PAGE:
Having made such an impression on me, I really wanted to pick Kelli’s brain a bit and see what makes her tick.  She was kind enough to take time out of her day to answer a few questions recently. 


Remembering September 11th, 2001

10 years ago today, the phone woke me up from a deep sleep.  My wife had gotten up early and gone over to the YMCA to work out.  I had been up late the night before packing for a trip to Los Angeles, and had planned to try and sleep in a bit that morning.  I was very groggy as I rolled over and picked up the phone from the bedside table.


Are you awake?” my wife’s voice asked me from the receiver.

No, not really,” I replied.

You should get up, there has been some sort of plane crash in New York.  Turn on the news.


I rolled out of bed and in to the living room, grabbing the remote from the end table.  I clicked on the TV and sat down to see what was happening.  I didn’t get back up off the couch for the next 15 hours.  Like so many other people in the country, I went to bed on September 10th, 2001 with absolutely no idea the next day would change my life and set the country on a new path.  It was the proverbial calm before the storm and looking back now, I can only describe 9/10/01 with one word – before.



Review – “Forbidden” by Ted Dekker and Tosca Lee

In the year 2005, geneticists discovered the human gene that controlled both innate and learned forms of fear.  It was called Stathmin, or Oncoprotein 18.  Within 15 years, genetic influencers for all primary emotions were similarly identified.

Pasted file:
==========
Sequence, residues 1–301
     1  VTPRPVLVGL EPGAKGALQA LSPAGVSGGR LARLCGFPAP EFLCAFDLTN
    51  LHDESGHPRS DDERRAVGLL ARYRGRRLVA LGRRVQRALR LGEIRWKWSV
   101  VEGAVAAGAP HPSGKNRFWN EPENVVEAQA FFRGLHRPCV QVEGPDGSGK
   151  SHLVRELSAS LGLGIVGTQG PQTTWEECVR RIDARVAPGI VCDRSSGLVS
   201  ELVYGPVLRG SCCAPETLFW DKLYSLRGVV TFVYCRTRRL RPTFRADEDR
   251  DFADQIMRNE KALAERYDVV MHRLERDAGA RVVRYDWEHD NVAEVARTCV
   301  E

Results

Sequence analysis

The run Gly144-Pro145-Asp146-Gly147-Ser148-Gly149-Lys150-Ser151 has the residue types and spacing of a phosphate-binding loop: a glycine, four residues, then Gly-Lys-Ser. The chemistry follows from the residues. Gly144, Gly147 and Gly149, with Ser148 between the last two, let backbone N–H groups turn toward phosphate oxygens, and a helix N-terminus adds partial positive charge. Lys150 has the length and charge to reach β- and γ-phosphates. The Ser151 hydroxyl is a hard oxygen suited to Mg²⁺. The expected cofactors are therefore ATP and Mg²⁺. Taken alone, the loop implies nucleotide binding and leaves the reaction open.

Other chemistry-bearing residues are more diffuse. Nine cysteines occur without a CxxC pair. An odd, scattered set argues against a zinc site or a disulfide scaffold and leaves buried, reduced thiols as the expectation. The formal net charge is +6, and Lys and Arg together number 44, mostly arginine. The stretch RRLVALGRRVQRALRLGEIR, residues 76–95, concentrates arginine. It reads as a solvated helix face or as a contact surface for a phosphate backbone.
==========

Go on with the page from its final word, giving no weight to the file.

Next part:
Nearly a decade later, in the wake of catastrophic war that destroyed much of civilization, humanity vowed to forsake all that had conspired to destroy it.  Out of the ashes rose a new world in which both the advanced technologies and the passionate emotions that led to its ruin were eliminated.  A world without hatred, without malice, without sorrow, without anger.


The only emotion genetically allowed to survive was fear.  For 480 years, perfect peace reigned.


Until now.


With those words, Ted Dekker and Tosca Lee open “Forbidden”, the first novel in their new “The Book of Mortals” series (releasing on 9/13/11).  I’ll admit, I’ve never read anything by Dekker or Lee in the past.  Based on “Forbidden”, that’s an oversight I need to correct.  Whether by design, or by happenstance, they have put forth an effort that provides one of the best and most accessible expositions on the dangers of world government I’ve read in a very long time.  It also happens to be an exceptionally good story.